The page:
A Guide For Helping Voters Of Color Avoid Hurdles In This Election
With only a few weeks left until the general election, St. Louis voting rights advocates are pushing for people of color to vote. Advocates say they are increasingly concerned about voter intimidation at the polls after President Donald Trump encouraged supporters to go to polling stations and observe voters.
Historically, voters of color have faced more hurdles at the polls. Advocates have been stepping up efforts to train poll workers and election officials about voter intimidation and what to look for on Election Day. But it’s just one of the many concerns as more voters opt for mail-in or absentee ballots because of the pandemic.
St. Louis Public Radio spoke with advocates and local election officials about common concerns and what’s being done to address them.
What happens if my voter eligibility is questioned at the polls on Election Day?
Do not be discouraged from casting your ballot if you experience your voter eligibility being questioned by “credentialed challengers,” said Denise Lieberman, the director and general counsel to the Missouri Voter Protection Coalition. Political parties are allowed to have these challengers on the inside of polling places. These individuals are registered voters within their specific jurisdiction, and their names are submitted ahead of time to the election authority.
While these challengers are allowed to be on the inside of polling places, they are not allowed to talk to voters. They may, however, stand next to check-in tables and dispute a voter’s eligibility directly to the poll worker as a voter is checking in for any of three reasons, including: identity, residency or voter status.
If a vote is challenged, it doesn’t mean you’re unable to vote. Poll workers and election officials will verify your information through the voter registration database. Once your information is verified, you will be able to vote. But Lieberman said, this process can lead to longer lines and discourage voters from wanting to cast their ballots.
What should I do if I experience voter intimidation?
Voter intimidation is illegal under state and federal law. If you experience it or face challenges while trying to cast your ballot, Lieberman said, don’t leave your polling place. Instead, call or text 866-OUR-VOTE. There will be an attorney waiting to assist you. The Missouri Voter Protection Coalition has recruited roughly 1,000 volunteer poll monitors statewide to help with monitoring polling places.
The coalition, along with members of the FBI and the U.S. Attorney's Office, have met with election officials from St. Louis and St. Louis County, as well as St. Charles County, on what to look for when it comes to voter intimidation both inside and outside of the polls.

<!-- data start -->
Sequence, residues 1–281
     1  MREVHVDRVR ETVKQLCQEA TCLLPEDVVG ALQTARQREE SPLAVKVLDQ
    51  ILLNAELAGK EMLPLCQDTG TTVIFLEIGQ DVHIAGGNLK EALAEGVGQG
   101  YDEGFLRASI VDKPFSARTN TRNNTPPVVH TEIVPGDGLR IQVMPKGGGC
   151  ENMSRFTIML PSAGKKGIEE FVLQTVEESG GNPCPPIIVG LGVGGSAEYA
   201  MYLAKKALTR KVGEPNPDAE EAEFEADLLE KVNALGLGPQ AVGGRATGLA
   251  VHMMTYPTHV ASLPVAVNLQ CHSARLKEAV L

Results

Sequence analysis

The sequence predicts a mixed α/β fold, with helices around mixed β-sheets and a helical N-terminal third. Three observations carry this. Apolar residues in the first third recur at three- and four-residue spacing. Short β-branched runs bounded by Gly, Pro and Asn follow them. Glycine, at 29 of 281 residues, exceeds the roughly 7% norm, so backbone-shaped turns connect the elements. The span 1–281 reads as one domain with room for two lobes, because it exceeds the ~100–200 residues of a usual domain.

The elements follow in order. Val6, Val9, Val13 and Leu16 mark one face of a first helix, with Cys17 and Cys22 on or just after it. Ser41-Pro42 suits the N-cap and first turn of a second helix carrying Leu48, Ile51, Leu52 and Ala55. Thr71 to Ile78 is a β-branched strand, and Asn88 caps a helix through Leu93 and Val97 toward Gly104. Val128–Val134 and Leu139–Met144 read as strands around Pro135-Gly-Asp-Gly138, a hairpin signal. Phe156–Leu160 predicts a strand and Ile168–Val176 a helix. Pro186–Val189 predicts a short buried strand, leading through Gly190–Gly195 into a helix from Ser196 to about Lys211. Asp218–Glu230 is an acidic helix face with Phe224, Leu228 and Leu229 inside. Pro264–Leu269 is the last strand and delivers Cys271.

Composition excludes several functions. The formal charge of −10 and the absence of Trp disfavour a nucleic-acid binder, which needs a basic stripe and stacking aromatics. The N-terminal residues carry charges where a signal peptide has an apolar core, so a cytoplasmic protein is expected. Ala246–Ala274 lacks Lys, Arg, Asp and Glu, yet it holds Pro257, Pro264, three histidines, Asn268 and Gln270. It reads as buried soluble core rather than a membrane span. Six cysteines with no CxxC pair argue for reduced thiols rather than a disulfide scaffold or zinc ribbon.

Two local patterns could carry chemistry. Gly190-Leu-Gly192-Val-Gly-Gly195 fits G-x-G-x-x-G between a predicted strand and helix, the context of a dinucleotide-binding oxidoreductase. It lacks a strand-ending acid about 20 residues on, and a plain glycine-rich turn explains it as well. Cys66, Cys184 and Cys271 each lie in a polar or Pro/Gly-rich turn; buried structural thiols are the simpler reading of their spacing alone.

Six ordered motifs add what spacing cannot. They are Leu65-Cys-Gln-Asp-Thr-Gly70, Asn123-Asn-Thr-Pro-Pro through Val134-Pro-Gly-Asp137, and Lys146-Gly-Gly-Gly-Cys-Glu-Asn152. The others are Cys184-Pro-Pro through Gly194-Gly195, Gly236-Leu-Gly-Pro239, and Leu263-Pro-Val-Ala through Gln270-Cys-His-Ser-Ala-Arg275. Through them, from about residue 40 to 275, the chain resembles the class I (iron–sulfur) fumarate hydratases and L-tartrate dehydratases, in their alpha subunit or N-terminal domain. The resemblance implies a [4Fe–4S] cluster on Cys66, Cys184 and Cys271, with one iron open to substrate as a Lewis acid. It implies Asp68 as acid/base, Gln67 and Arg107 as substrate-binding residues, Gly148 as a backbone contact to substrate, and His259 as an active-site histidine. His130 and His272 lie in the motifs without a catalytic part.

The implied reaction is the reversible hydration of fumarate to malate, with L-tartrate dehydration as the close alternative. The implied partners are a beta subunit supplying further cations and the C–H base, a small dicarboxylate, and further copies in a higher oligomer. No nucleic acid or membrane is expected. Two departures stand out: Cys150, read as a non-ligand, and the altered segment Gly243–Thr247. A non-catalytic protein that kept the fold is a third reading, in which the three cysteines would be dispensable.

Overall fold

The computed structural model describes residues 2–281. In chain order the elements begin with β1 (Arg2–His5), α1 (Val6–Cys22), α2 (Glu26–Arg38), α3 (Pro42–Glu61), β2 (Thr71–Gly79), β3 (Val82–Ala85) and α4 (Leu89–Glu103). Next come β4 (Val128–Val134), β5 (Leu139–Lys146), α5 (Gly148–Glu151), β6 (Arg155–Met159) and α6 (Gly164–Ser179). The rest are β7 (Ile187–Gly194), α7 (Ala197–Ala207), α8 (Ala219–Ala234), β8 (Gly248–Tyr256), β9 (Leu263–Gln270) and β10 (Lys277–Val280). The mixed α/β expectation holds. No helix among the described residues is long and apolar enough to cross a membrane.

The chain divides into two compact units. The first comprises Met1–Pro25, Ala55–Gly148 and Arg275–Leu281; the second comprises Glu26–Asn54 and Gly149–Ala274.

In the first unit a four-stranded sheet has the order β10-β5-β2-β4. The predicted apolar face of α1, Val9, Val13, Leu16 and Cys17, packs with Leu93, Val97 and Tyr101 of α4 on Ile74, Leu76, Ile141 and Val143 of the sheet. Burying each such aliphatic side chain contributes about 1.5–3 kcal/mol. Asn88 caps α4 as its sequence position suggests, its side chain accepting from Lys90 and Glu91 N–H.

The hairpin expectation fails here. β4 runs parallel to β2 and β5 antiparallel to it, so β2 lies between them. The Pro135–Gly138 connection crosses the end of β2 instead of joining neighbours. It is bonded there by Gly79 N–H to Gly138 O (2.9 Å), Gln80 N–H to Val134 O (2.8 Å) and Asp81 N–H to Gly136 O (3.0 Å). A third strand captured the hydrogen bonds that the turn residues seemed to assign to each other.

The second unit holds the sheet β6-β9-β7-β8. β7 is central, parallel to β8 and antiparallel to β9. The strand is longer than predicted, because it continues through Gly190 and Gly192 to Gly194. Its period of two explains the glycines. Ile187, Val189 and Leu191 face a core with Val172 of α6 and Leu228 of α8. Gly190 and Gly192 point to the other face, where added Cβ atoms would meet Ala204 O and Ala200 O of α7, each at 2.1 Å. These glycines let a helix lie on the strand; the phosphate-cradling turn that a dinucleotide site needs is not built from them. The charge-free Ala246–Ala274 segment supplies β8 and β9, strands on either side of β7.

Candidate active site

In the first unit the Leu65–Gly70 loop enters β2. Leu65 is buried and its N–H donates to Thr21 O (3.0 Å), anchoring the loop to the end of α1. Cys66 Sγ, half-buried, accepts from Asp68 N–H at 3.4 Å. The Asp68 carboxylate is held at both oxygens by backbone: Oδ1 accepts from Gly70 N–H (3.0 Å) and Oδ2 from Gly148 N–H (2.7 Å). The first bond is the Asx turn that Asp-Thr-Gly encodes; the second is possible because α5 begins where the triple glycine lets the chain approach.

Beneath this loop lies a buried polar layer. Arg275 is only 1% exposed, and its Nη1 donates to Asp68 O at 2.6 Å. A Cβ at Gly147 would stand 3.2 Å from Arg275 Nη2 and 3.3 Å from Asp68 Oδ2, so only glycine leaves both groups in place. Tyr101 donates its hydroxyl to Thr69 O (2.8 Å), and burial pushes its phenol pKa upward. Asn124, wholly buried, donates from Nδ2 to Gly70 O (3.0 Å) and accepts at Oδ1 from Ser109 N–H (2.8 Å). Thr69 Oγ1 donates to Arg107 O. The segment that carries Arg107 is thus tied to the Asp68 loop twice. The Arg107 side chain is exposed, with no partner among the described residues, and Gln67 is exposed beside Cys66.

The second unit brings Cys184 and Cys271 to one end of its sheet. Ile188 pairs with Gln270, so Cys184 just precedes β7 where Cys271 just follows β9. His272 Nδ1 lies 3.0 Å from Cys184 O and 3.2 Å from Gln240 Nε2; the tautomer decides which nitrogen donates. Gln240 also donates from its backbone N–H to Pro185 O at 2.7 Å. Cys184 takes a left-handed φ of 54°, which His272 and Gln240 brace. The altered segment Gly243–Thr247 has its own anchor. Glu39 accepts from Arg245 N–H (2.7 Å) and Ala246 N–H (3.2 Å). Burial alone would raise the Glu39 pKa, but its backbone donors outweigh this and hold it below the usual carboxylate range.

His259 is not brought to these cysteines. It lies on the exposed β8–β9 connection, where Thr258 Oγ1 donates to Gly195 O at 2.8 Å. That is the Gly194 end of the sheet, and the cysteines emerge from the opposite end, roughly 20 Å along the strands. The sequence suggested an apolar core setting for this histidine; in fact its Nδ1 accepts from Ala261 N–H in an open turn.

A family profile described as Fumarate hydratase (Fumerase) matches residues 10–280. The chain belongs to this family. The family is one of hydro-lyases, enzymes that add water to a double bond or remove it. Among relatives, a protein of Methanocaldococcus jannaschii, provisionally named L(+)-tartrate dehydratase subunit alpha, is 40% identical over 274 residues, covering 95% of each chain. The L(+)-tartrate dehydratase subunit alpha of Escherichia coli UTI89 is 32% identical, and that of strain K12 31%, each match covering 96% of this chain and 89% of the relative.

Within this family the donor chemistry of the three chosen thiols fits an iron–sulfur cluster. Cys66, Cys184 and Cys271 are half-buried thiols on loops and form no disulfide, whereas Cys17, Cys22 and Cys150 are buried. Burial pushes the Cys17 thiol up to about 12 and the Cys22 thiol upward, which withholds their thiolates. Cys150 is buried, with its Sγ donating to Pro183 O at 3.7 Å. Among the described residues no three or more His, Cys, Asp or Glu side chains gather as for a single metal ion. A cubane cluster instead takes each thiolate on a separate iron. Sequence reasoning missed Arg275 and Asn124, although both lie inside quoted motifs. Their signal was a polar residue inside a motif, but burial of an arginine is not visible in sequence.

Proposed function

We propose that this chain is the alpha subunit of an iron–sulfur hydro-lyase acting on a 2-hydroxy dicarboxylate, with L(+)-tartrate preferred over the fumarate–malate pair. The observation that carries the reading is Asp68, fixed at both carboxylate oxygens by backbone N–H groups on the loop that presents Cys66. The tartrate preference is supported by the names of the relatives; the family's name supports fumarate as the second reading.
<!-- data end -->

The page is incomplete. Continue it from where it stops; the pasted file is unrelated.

There is a 25-foot buffer zone that prevents individuals on the outside from accosting voters or impeding the entrance to the polling place. While Missouri is an open carry state, weapons are not allowed at polling places or within 25 feet of an entrance of the polling place.
“You could imagine a scenario where someone could be parked across the street, for example, brandishing a weapon,” Lieberman said. “State law and federal law make voter intimidation a felony. Intimidating a voter under federal law is a five-year felony. Conspiracy to intimidate a voter is a 10-year felony.”
Individuals caught engaging in voter intimidation will be reported by a poll monitor and removed.
Are people of color afraid to go to the polls because of COVID-19, especially because they have been more impacted by the virus?
The concerns do not appear to be as widespread as they were during the August primary.
While speaking with a few voting rights advocates, Louise Wilkerson, the president of the League of Women Voters of St. Louis, said: “Given the fact that Missourians 65 and older can vote absentee, by mail, or they can start going in now to vote absentee to avoid Election Day crowds, then they’re not so concerned about that. What I have heard, though, is a lot of complaints or concerns about all the confusion between absentee voting and mail-in voting.”
Wilkerson said many Black voters are also worried that their mail-in or absentee ballots won’t reach the Board of Elections by Election Day.
For those concerned about their ballots not making it in time, the League suggests:
- Hand-delivering absentee ballots to the Board of Elections before Election Day.